M.V. Kamath had the habit of bucking the trend. In the late 1970s, as editor of the now-defunct Illustrated Weekly of India, he travelled through India’s Northeast and dared to produce a cover story on the neglected region. He called the states the ‘Seven Sisters’, a sobriquet that has now become a commonplace. Till then, no big publication had bothered to bring the Northeast to the rest of the country so prominently. That cover story, and a couple of others on cricket, with Raju Bharatan at the helm, were apparently the Weekly’s biggest grossers ever, and not the t&a issues under Khushwant Singh, as is commonly believed.
In the 1990s, when it was ‘normal’ in large sections of India’s English media to be a critic of rising right-wing political forces, he started writing regular columns for RSS publications like Organiser and Panchajanya. Many of his old friends were dismayed; some broke contact with him because of his open support to the BJP, but Kamath, a prolific writer (he wrote 48 books), soldiered on. He also mentored many young journalists.
I am certainly one of the biggest beneficiaries of his wisdom. The story goes back three decades. In January or February of 1984, Mr Kamath was revisiting Guwahati. I was new to journalism and was still in two minds about pursuing it as a career, since my parents were keen that I become an air force officer (for which I had qualified the previous year, but failed to join because my graduation results were delayed). When my Kannada-speaking Assamese editor, D.N. Bezbaruah, sent me on an errand to Mr Kamath, I could not have imagined that meeting him would change my life forever.
As I entered his room and introduced myself, his first question was: “What is a Gokhale doing in Assam?” I narrated my story: father in the army, posted in Guwahati, therefore here. He ordered a coffee and put me at ease. “So, how long have you been a journalist?” he asked. “Eight months,” I replied sheepishly to a man who had already put in three decades in the profession. But he didn’t notice my discomfort. “Good. Liking it?” was his next question.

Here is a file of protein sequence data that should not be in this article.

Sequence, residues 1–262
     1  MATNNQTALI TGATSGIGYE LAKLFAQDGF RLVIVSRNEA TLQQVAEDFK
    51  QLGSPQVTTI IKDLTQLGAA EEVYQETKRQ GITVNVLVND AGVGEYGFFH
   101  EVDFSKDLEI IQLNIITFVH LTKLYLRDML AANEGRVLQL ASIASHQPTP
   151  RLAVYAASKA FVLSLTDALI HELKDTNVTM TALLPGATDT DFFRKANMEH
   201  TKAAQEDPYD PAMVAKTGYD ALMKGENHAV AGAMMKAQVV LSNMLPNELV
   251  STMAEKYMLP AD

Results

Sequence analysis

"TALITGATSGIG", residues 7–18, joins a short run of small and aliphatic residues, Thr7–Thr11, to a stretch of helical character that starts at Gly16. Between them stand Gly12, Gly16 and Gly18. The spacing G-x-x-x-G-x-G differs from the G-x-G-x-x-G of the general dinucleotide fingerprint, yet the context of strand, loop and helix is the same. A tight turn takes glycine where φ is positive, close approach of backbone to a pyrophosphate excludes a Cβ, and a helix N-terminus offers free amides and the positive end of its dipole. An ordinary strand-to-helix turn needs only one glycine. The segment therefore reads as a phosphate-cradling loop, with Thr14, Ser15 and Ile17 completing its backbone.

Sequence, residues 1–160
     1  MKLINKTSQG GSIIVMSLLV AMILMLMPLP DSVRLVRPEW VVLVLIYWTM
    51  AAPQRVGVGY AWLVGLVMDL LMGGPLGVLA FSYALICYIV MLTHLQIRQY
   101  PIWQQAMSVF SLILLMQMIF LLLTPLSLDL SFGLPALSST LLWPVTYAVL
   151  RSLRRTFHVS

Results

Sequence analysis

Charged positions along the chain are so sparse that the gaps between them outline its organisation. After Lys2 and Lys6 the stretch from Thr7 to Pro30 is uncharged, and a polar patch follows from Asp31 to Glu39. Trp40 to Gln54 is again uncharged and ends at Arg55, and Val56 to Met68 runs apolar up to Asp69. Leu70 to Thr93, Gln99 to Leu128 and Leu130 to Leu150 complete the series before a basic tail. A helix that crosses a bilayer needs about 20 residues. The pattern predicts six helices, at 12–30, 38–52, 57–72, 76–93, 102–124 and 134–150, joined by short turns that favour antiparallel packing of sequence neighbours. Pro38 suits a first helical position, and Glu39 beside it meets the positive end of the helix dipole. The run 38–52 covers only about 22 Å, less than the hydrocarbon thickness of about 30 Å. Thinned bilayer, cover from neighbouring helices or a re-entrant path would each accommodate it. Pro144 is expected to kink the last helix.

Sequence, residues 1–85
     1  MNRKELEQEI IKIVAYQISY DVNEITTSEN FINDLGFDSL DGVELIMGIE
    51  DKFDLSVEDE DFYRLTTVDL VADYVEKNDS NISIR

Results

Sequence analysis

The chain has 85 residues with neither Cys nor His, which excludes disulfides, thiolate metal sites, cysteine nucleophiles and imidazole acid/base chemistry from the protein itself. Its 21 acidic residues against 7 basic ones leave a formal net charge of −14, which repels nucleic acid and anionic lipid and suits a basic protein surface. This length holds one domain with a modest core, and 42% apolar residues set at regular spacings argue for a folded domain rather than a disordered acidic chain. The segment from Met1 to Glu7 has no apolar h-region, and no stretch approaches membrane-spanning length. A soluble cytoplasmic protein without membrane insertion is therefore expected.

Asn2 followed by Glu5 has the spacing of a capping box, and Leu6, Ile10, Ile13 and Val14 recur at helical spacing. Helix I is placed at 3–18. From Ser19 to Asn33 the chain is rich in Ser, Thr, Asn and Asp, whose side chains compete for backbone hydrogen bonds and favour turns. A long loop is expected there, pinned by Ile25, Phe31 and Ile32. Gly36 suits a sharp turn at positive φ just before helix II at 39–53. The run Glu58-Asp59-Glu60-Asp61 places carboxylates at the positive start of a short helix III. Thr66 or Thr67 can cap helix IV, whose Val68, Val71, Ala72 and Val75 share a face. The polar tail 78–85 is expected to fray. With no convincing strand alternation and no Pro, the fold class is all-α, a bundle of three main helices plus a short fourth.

Encouraged, I told him my dilemma and dared to ask: “Sir, how do you sustain yourself in this uncertain, poorly paid and rarely understood profession?” His eyes twinkled as he contemplated a reply to my seemingly silly question. He said, “Son, when I started with the Free Press Journal in the 1940s, my first editor, Sadanand, had told me that as long as you do serious work but don’t take yourself too seriously, as long as you realise that you are as good as your last byline, and as long as you are discreet, you can be a reasonably successful journalist.”
Since Mr Kamath seemed more like friend now, I asked him to elaborate. So he said, “If you are a professional journalist, don’t ever think that your work is going to bring about a revolution or that you are going to change the world. That job is best left to the revolutionaries (Don’t take yourself seriously). As a journalist, you have to perform consistently. A flash-in-the-pan story is of no use to those who want to be journalists for life. So never rest on your laurels (You are as good as your last byline). Discretion, moderation is the key to successful human interaction. In journalism, it is all the more important. People will trust you if you keep your word, keep their confidences. (Sometimes, what you don’t write is more important than what you write).
Three mantras that changed my life. Three mantras that are applicable in every walk of life. Within a month of meeting him, I decided to remain a journalist, a decision I have not regretted for a moment in these three decades. I know of others who have been similarly influenced, although many of his disciples did not like his open support of Prime Minister Narendra Modi and the fact that he wrote a glowing biography of the man.
For many years he lived and worked out of a small apartment in Bombay which also housed his collection of books—finally donated to the Manipal Institute, which he helped establish. His disarming smile apart, Mr Kamath’s constant companion was his beloved Olivetti Lettera 22 typewriter. Till the very end, he wrote at least 1,000 words a day, the old-fashioned way. That he lived till 93 is testimony to his zeal for life. They don’t make the likes of M.V. Kamath anymore.
(A former Outlooker, Nitin Gokhale is security and strategic affairs editor, NDTV.)